Exodus warning from farmers

23 November, 2007

Official figures published today (Friday) have confirmed that most beef and sheep farmers were making heavy losses even before the sector was rocked by soaring feed prices, foot and mouth disease and bluetongue, the National Farmers' Union has claime

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The "Business Pointers", produced by Eblex for the financial year ended March 2007, show the average beef producer losing between £94 and £430 per head and the average lamb producer in the red to the tune of between £0.65 and £36 per head.

The NFU pointed out that the economic situation for livestock farmers had since gone from bad to worse, and said that the figures reinforced the need for a swift and substantial uplift in prices.

"Where we are is not a sustainable position," said NFU Livestock Board chairman, Thomas Binns.

"Either prices must rise, or we'll see an exodus from beef and sheep production the like of which we've never seen before.

"These figures spell out far more clearly than any words could do why we launched the Why Beef and Sheep Matters campaign.

"We desperately need people to understand both how serious the situation is and how much is at stake, so as to achieve the step-change in producer prices which is what is required to turn the sector around."

The Eblex figures are bleakest for livestock farmers in the hills and uplands, with Less Favoured Area suckler beef producers losing over £151 per cow on their beef enterprises and £11 per ewe on sheep. The losses are even heavier if so-called "non-cash costs" like unpaid family labour and interest on working capital are included.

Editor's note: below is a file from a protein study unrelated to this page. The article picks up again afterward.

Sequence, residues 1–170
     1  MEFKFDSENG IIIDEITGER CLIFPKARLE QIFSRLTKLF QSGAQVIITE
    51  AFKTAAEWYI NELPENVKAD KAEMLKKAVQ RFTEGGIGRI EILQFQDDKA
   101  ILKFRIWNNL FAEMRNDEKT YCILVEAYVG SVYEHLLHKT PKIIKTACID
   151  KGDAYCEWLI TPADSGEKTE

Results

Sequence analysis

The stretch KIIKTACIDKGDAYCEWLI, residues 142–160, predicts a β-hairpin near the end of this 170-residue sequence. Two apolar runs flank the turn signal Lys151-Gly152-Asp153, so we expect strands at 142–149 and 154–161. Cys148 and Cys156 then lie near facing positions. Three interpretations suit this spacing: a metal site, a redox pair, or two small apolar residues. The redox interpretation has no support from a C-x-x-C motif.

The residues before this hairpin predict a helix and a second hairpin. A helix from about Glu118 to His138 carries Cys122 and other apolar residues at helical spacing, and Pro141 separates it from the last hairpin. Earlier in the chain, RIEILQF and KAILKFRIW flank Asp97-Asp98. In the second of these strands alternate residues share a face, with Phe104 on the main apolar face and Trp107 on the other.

But the situation on lowland livestock farms is little better, with suckler beef producers losing £148 per head, intensive beef finishes down by £20/head and lowland breeding flocks making a loss of £15.75 per ewe.

With almost all systems, the losses are worse than in the previous year, despite a modest improvement in the beef price and some significant progress in containing fixed costs like power and machinery.

Commenting on the figures, Eblex's chief executive, Richard Ali, said: "Farmers are getting better at what they do. Unfortunately, the current market is obscuring the gains people have made."

The NFU's Why Beef and Sheep Farming Matters campaign, launched in London last week, aims to harness consumer support in putting pressure on supermarkets to start the process of lifting beef and lamb prices to levels that will allow farmers to make a profit and keep beef cattle and sheep in the countryside. It is supported by a range of other organisations, including the National Council for Women, the Townswomen's Guild and the Campaign for the Protection of Rural England.

The latest Defra agricultural census figures indicate that the losses being made by livestock farmers are already leading to a steep decline in cattle and sheep numbers in England, with the number of beef cattle under one year old down by 4.5% in June 2007 compared with 12 months previously, and the sheep breeding flock down by over 5% year-on-year.

Meanwhile, while livestock farmers have been enduring further misery, as a result of soaring feed costs and foot and mouth and bluetongue restrictions, the supermarkets have been cashing in, with the gap between the producer price of beef and the average retail price higher in every month since March 2007 than in the equivalent month a year previously, according to the Meat and Livestock Commission.

With lamb, whilst prices to the farmer have fallen by around 25% since July, retail prices have been unchanged, so giving a further boost to supermarket profit margins.





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